If you are looking to fit a tray to your Ute, its important that you get something that is going to be functional, legal and sensible.
A lot of people are curious about the maximum tray length on a Ute that should be fitted, and there are actually some regulations around it, and reasons for fitting different length trays.
Traditionally, dual cab Utes always had 1600mm long trays, but this has grown over the last few years, with some people running 1900mm trays as ‘standard’. To be fair, the actual size of dual cabs has also grown, so its generally in proportion.
It’s worth noting that space cabs have much longer trays, at the cost of losing half a seat spacing in the body of the vehicle. Single cabs then have the longest, and lose another half, giving you one row of seating only.
If you are considering installing a canopy, you should read our Ultimate guide to buying a Ute Canopy.
What’s the regulations for maximum tray length?
If you have a look online, you’ll see that the Australian Design Regulations, or ADR specify that your rear overhang cannot exceed 60% of your wheel base.
To give you a practical example, our Isuzu Dmax has a wheelbase (distance from the centre of the front wheels to the centre of the rear wheels) of 3095mm.
60% of that is 1857mm. Essentially then, it means you are allowed a tray that is 1857mm beyond the centre of the rear axle. Add on the distance from the cab to the start of the rear axles and you’ll get somewhere around 400mm.
The total maximum tray length in this example then would be 1857 + 400mm, or around 2.2 metres. I can tell you that running a tray this long would be a major mistake in almost every single circumstance, but that’s what the law allows.
Why would you want a longer tray?
Most people who want a longer tray do so for extra storage room. There can be instances where this is practical, but you should remember that more storage usually means more weight, and that is where your major issue will come.
What’s the disadvantages of a longer tray?
Harder to fit in a car park
The longer you make your tray, the longer the vehicle will be and the harder its going to be to fit in a regular car park. A lot of Utes today are much bigger than they were in the past already, and they take up enough room as it is.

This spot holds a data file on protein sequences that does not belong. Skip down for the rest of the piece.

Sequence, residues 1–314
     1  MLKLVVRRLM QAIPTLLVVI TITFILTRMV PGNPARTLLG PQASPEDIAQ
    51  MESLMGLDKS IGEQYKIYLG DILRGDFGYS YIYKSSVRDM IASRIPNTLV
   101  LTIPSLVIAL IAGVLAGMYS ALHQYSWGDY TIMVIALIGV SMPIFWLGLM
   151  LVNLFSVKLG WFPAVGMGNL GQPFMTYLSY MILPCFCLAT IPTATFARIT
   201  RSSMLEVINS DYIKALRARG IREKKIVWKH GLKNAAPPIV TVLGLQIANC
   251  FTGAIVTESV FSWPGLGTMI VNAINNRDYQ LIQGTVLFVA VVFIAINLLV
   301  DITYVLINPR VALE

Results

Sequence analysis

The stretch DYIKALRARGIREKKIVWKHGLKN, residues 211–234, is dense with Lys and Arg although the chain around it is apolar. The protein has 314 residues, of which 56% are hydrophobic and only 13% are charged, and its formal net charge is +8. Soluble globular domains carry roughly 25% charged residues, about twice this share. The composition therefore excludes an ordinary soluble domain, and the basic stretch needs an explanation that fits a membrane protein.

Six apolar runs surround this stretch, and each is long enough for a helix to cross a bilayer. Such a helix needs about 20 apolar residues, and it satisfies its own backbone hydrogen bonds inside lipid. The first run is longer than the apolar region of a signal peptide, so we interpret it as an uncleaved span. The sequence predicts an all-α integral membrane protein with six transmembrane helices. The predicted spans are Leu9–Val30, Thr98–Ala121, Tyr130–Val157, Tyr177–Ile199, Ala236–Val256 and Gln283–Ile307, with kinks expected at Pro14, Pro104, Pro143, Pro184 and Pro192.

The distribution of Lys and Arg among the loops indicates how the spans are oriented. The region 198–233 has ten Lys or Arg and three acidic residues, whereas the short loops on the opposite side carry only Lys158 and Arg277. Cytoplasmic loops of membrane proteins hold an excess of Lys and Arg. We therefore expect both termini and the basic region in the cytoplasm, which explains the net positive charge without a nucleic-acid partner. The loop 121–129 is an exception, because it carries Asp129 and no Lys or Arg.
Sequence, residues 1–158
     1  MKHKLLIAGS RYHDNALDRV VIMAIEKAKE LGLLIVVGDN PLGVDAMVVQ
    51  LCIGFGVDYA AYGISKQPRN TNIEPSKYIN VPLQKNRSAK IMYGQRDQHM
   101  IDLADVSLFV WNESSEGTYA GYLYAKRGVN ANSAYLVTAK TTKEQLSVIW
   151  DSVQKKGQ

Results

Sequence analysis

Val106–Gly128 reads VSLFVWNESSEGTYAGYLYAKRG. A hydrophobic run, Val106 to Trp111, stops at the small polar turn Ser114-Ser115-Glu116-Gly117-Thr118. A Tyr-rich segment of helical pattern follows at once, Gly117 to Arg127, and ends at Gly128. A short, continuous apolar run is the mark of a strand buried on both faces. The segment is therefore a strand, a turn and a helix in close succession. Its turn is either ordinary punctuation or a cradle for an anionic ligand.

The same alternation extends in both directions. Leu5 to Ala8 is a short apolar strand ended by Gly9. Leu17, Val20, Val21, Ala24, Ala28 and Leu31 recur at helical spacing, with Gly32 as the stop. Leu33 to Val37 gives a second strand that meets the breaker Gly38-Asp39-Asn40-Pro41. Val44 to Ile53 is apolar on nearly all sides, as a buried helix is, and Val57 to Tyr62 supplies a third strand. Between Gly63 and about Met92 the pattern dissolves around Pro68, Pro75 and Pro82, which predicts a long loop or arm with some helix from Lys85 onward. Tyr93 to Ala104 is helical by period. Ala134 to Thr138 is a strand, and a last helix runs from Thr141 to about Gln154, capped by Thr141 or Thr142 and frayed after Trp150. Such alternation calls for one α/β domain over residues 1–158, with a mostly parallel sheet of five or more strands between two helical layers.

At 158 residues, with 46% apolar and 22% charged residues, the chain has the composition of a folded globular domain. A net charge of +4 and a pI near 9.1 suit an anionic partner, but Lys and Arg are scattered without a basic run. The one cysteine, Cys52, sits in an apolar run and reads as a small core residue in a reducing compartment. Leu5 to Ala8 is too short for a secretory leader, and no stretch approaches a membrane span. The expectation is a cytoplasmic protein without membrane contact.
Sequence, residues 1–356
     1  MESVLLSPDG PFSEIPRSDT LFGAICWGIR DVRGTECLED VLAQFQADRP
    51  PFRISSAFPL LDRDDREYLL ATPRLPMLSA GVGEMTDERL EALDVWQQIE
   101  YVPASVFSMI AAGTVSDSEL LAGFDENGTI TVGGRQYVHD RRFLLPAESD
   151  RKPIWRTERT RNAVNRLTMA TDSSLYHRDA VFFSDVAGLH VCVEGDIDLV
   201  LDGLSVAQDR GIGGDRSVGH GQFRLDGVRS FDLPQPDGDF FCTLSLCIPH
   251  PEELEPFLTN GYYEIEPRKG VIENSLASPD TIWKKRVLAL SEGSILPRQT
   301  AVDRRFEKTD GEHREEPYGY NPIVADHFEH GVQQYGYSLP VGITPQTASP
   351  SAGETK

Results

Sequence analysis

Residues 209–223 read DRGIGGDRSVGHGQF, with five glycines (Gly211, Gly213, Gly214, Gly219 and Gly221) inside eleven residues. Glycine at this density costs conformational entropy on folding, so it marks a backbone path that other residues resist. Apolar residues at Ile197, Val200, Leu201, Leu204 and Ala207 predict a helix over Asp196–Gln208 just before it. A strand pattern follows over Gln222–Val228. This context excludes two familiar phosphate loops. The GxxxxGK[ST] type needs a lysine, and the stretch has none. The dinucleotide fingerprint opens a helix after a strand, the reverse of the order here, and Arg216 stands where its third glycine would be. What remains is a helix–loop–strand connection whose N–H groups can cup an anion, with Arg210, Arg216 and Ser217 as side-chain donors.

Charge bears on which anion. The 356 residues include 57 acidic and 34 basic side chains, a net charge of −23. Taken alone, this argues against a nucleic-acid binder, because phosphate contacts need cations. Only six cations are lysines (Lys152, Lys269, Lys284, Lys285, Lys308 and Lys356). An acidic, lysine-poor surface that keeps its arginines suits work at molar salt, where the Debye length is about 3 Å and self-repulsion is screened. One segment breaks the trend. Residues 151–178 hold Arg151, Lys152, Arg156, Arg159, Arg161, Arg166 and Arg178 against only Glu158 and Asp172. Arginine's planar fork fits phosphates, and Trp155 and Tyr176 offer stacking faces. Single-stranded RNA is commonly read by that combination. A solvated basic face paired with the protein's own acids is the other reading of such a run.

If we roll with the example above of a Dmax with a 2.2 metre tray, you are going to be looking at a vehicle that’s nearly 6 metres long, which is way too long for your average parking bay, and would make getting in and out a total nightmare.
Poor weight distribution
By far and away the biggest reason for keeping your Ute tray short is for good weight distribution. On a typical dual cab Ute, when you apply weight to the tow ball you apply huge leverage, which lifts the front of the vehicle and transfers weight backwards.
100kg of tow ball weight is around 144kg of weight applied to the rear axle, and when you fit a long tray, many of them hang out level, or even beyond the tow ball, which means you can be applying even more leverage.
Ever seen a photo of a bent Ute chassis? If not, jump on Google and check them out; it happens all the time and its almost always from a poorly, or overloaded setup. Often they’ll run a heavy canopy with all the fruit, but that’s not always the case.
Harder or impossible to hook a trailer up
The number of times I’ve seen people get trays that are only marginally longer than the factory setup, and still had issues hooking a trailer up, or being able to turn with one on is astronomical. If the tray hangs out anywhere near (or past) the tow ball, you are going to have major issues trying to hook it on.
Easier to damage your trailer or tray when towing and turning
As above, there’s a lot of damaged Ute trays and canopies, along with the trailers that they were towing. This is simply because the longer your tray, the more chance there is for it to hit your trailer when you turn. Essentially the two come together on one side, and it can be an expensive mistake.
The shorter the tray, the bigger the gap and the better you’ll be able to manoeuvre your trailers, with less (or no) chance of damage.
What’s the best tray length?
Ideally, the standard size tray is what you should go for, unless you intend on loading it up hugely in which case something slightly shorter is better. For most dual cab Utes today anything between 1600 and 1800mm is ideal, with anything longer than that (and even 1800 sometimes) pushing the friendship.
Obviously there are some specific examples where a really long ute tray might be beneficial. If you were moving insulation (or something else light weight) every day with no need to ever tow a trailer, then there’s justification to get the maximum tray length.
However, if you are like the average Joe, you should seriously consider keeping it at the standard length, or even a bit shorter if possible.
Our Dmax has a 1730mm Bull Motor Bodies Ute Canopy on it, which is as long as I’d want to go. It doesn’t hit our Reconn R2 when we turn sharply, but it gets pretty close, and shorter is better for weight distribution.
What tray length do you run? Why?